TORONTO – Under ideal circumstances, Clayton Richard would have had more time. Maybe it would have been two rehab starts or three. Definitely not one.
But the Blue Jays are not operating under ideal circumstances, especially when it comes to their injury-depleted starting rotation, so Richard got all of 48 pitches in one rehab start before making his season debut against the defending World Series winners and their talented lineup.
All things considered, it went well: four innings and just one run allowed. But Toronto’s relievers combined to allow seven runs over the next five innings and the Blue Jays lost 8-2 to the Red Sox to reach the 50-game mark with a 20-30 record.
Even so, the Blue Jays will take Richard’s outing from a pitcher coming back from a right knee stress reaction and off-season knee surgery. Already, they’ve used 11 starting pitchers. They need outs anywhere they can get them.
"I really feel good about this game just because of (Richard)," manager Charlie Montoyo said. "He threw strikes. His ball had movement. He was really good, so that’s a good sign for us. I’m really happy about his outing."
The appreciation cuts both ways. Walking in from the bullpen for his first start since last Aug. 24, Richard spotted his wife and two sons among the crowd of 36,526 and made sure to enjoy the moment.
"I’ve worked my whole life to do this one thing and to get this opportunity, I’m not going to take that for granted," he said. "Those are the memories that will last forever. Clearly it’s not what I’m focused on right now, but I also don’t take it for granted. Our opportunity to play this game is fleeting and I’m going to take advantage of every moment I can get."
Richard, 35, relied on two pitches: a fastball that averaged 90.4 m.p.h. and a slider he used on 20 of his 54 pitches. Afterwards, the left-hander said he felt great physically during his first big-league start in nine months.
"I feel as if I’m ready," he said. "It’s the right step in the process and I’ll keep on building."
Mere hours after Wednesday’s 13-inning loss Montoyo’s bullpen was more tired than usual and with Richard limited to 50 or 60 pitches, they were in for a long day.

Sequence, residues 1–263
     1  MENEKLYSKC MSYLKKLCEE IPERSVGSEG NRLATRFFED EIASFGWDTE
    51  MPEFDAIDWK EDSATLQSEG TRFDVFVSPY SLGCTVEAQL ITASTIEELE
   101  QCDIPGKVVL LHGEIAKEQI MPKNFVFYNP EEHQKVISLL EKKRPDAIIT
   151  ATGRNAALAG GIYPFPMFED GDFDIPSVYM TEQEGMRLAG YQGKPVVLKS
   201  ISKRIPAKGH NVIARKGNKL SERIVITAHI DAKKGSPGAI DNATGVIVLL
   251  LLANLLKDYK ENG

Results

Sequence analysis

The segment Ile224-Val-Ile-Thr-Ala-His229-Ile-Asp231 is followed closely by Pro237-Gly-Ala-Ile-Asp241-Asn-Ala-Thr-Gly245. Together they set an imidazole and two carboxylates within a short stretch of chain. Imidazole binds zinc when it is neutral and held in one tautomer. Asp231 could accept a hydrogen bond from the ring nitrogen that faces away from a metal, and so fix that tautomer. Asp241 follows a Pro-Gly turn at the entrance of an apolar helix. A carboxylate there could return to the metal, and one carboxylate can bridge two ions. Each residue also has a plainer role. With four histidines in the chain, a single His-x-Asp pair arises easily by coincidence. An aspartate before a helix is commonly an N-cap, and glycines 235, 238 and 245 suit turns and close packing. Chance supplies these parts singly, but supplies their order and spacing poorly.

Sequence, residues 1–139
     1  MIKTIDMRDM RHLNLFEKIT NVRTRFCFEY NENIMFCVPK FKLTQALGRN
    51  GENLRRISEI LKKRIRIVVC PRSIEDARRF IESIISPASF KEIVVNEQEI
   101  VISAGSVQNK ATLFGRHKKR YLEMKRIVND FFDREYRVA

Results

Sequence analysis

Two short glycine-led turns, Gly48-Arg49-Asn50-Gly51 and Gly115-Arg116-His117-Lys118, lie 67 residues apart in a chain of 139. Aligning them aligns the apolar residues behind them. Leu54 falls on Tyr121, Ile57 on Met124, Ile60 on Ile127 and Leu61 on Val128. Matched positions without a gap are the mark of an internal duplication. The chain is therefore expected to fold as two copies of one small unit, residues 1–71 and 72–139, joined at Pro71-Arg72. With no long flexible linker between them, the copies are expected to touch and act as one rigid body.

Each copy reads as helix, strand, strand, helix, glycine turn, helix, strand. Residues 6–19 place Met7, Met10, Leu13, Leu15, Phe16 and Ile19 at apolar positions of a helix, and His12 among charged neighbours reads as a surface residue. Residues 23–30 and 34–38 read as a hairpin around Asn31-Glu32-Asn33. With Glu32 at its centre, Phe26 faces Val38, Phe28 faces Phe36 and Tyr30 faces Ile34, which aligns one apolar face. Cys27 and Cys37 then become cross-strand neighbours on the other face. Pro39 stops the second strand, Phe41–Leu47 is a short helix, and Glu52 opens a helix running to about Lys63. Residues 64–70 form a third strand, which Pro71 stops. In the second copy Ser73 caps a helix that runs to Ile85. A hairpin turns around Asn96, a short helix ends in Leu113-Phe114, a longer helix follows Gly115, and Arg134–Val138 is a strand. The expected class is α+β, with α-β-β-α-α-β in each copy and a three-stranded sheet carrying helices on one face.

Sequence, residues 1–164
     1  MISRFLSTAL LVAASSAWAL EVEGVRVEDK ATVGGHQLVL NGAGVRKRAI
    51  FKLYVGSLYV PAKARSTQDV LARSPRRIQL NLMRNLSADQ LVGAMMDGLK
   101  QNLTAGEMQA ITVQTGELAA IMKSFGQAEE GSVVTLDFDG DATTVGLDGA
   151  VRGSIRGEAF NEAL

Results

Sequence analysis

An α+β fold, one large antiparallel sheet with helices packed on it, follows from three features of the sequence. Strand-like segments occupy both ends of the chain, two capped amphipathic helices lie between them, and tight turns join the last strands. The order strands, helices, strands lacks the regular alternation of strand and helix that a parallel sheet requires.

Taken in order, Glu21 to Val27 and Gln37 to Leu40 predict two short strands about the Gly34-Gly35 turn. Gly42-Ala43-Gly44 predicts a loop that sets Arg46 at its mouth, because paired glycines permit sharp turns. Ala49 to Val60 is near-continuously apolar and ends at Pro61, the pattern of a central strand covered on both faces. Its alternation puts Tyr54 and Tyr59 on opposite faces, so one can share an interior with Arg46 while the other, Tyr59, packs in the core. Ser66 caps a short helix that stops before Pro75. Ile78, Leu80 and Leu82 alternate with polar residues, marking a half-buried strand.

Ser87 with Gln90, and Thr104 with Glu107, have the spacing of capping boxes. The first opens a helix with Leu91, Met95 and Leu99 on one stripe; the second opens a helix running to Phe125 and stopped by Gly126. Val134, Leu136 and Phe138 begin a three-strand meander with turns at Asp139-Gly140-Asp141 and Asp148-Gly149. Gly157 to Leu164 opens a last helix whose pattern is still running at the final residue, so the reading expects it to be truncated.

The typically effective Sam Gaviglio allowed two runs over two innings and Elvis Luciano’s struggles continued with five hits and a wild pitch allowed over the course of 1.1 innings. Lefty knuckleballer Ryan Feierabend didn’t do much better, allowing four runs, three of which were earned.
The Blue Jays would have lost even if Luciano had held the Red Sox scoreless, but lately he’s looked the part of a Rule 5 pick and not in a good way. He has allowed 11 earned runs on 15 hits over his last five innings, allowing runs in each of his last five outings. For the season, he’s averaging nearly one walk per inning and has a 7.32 ERA.
On merit, then, he doesn’t belong here but he gets a roster spot because the Blue Jays are intrigued by his upside long-term (if he lasts all season, they can option him to the minors and let him develop). With a hard fastball and a plus change-up, he has talent at age 19, but he’s by no means a finished product now, which limits Montoyo.
"He needs to get ahead and throw strikes," the manager said. "If he throws strikes, he’s going to get people out because he’s got good stuff, but he pitches behind in the count a lot. That’s what he’s been doing lately."
Love the Rule 5 gamble or hate it, Luciano takes up just one roster spot. The offence is a far bigger problem after a day on which the Blue Jays managed just five hits.
Rowdy Tellez continued his impressive hitting with a leadoff double in the second then scored two batters later on a Freddy Galvis double for the Blue Jays’ first run. Justin Smoak homered in the ninth, going deep for the second consecutive game.
One day after hitting his first Rogers Centre home run, Vladimir Guerrero Jr. went hitless with a strikeout in four at-bats.
More moves are coming for the Blue Jays, who will now host the San Diego Padres for three games. Recently-claimed left-hander Zac Rosscup’s likely to join the roster Friday, at which point someone will have to go, potentially Feierabend.
If it seems like a lot of churn, get used to it. As Richard said, even the best teams go through plenty of arms in the course of a long year.
"That’s major-league baseball," Richard said. "If you look around the landscape of the game, that’s what happens to rotations in this day and age in our game. It’s the teams that deal with it and are able to handle the adversity that they’re given throughout the year that succeed."
Fifty games in, the Blue Jays aren’t meeting that adversity with as many wins as they’d hoped.